And what about Jovita? Who regret her choice to marry an older, white guy because not only he abuse her, he (almost, thank God) contracted her with HIV?

This book is more than just some women finding happy endings after marrying their husband. No, this is not “Pretty Woman.” Some of the women here actually struggle during their relationships with bule.

Stereotypical? Well, maybe some of the women are. But not all of them. And these are real accounts. This is not a novel (if any of you still refer this book as a novel I will slap your face with this book, I swear to God).

What Fani did was giving these ladies some chance to speak up.

If you don’t want to have a bule for a husband, by all means, don’t. Fani never (I repeat: NEVER) said in her book “You should go out and bang the first white guy you see.” If you think like that, all I can say is you misjudge the book. And I pity you.


PS: This article is written and published by Mahel on his blog on Sept. 12, 2014



Kemarin (10/9/14), saya diminta untuk memoderatori peluncuran buku “Bule Hunter: Money, Sex and Love” karya Elisabeth Oktofani dengan nara sumber  Myra Diarsi, aktivis perempuan dan juga dihadiri oleh ebbrapa peserta yang juga melakukan pernikahan campur antar bangsa di Reading Room, Kemang Jakarta Selatan.

Buku ini jika dilihat dari judul dan komentar-komentar dari Facebook atau berita di media banyak dapat kritik dari publik, terutama dari orang-orang bule itu sendiri maupun beberpa perempuan yang kebetulan menikah dengan bule.

Buku ini mengungkapkan kegelisahan2 atau “kemarahan” penulis atas pola ketidakadilan yang berkaitan dengan persoalan: 1. Relasi antara perempuan dan laki-laki dlam segala hal, 2. Relasi antara negara yg dianggap maju/beradab (barat), dalam hal ini laki-laki bule dengan negara2 timur/dunia ketiga/asia dlam hal ini perempuan Indonesia.

Walau penulis kurang membongkar atau menguliti secara detail pola-pola ketimpangan itu (katanya akan ada buku selanjutnya membongkar lebih dalam), tetapi penulis berhasil, minimal membuat saya memahami bahwa ini ada persoalan ketimpangan gender dalam perkawinan antar bangsa yg semakin rumit.

Sepertinya buku ini kalau diulas menggunakan buku Orientalis karya Edward Said dan buku The Clash of Civilization and the Remaking of World Order karya Samuel P. Huntington akan dapat inti persoalannya, tentunya menggunakan pisau analisis gender. – Hartoyo, General Secretary of Our Voice Indonesia

Catatan: tulisan ini diambil dari Facebook mas Hartoyo dengan ijin beliau

Elisabeth Oktofani: Exploring the world of ‘bule’ hunters

After dating many Caucasian guys, locally known as bule, since she was a teenager, 27-year-old writer Elisabeth Oktofani settled down when she married a Canadian three years ago.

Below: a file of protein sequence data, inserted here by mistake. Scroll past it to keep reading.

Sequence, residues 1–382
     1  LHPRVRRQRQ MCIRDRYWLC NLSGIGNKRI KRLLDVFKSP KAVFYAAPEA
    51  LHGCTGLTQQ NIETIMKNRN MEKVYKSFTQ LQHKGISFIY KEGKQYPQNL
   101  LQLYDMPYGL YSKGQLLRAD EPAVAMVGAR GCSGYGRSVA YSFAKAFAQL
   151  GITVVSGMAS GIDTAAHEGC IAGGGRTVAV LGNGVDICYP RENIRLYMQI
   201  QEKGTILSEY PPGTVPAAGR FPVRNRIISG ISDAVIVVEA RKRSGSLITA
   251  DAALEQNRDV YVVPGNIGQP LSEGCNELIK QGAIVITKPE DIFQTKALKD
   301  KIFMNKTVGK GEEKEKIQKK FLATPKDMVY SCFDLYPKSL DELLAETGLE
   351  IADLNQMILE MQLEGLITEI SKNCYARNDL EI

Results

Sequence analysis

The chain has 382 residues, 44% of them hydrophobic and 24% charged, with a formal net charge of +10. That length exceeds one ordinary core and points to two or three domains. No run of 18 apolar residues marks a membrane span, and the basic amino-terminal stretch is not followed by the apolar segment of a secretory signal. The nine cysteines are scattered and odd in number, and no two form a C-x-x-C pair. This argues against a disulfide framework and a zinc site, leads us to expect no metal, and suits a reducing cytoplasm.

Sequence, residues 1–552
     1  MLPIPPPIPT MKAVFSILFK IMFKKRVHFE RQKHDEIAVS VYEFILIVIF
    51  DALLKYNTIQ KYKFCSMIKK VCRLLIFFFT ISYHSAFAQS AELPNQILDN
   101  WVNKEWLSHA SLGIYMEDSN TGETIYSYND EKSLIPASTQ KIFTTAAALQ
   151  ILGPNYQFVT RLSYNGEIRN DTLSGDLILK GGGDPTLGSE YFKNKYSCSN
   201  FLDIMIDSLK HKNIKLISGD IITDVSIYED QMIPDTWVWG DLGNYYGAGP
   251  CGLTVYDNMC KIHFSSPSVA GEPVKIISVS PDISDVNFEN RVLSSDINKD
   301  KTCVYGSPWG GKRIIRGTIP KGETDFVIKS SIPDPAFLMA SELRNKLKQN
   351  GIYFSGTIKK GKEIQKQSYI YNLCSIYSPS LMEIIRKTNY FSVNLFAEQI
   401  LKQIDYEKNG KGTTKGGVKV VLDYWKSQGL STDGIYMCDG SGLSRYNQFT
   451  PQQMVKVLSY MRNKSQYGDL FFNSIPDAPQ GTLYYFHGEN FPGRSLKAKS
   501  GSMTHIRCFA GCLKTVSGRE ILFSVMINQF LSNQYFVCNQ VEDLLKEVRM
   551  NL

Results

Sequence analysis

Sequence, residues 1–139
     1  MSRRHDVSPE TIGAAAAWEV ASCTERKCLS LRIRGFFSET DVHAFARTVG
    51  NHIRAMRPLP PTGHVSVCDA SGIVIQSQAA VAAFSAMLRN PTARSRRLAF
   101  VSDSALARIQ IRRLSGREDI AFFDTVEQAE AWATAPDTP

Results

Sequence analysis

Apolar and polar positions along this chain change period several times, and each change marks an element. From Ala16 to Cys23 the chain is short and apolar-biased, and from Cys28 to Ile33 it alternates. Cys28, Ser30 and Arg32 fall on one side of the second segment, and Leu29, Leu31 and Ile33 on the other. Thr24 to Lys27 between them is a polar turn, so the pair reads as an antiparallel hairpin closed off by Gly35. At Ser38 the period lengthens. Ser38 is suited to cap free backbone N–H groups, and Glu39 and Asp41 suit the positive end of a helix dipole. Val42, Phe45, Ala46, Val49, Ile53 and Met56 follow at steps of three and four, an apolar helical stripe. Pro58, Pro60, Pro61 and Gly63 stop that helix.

“I had many relationships with bule and reached a point when I couldn’t care less if I dated a bule or not. But then I finally found a peace of mind with my husband, who turned out to be bule,” Fani said.

Her story dated to high school in Yogyakarta, when many of her girlfriends got invitations to connect on Friendster, the once-popular social media outlet, in the early 2000s.

Fani, however, stayed out of the fray. Initially.

“My hair was curly, I had a dark complexion and I had no boyfriend — I felt ugly. But then I got a friend request on Friendster from a bule who then asked to meet me in person,” Fani said. “So I thought if it was difficult to find local boyfriends, I would just try dating bule because they liked girls like me.”

After going out with a lot of Western men, she realized that many would appreciate her more if they could talk about many things with her.

“At first, I didn’t feel much appreciated — maybe because as a teenager, I had a lack of confidence and knowledge,” she said. “That’s why I easily ended up relationship with someone and find another one until I eventually realized that I also needed to be knowledgeable to hang out with them.”

She was often judged by the people around her about her relationships with the Westerners. They told her that she went out with them only because they were rich, and bule liked her because she was ugly.

“That annoyed me, because not all relationships between Indonesian girls and bule are like that. There are other things the society should know behind the relationship between Indonesian woman and bule,” Fani said.

She then decided to make a book which was based on her experience and her friends. The book, Bule Hunter: Kisah Wanita Pemburu Bule (Bule Hunter: Stories of Women who Pursue Westerners), aims to get rid of stigma attached to Indonesian women who date bule only for their money.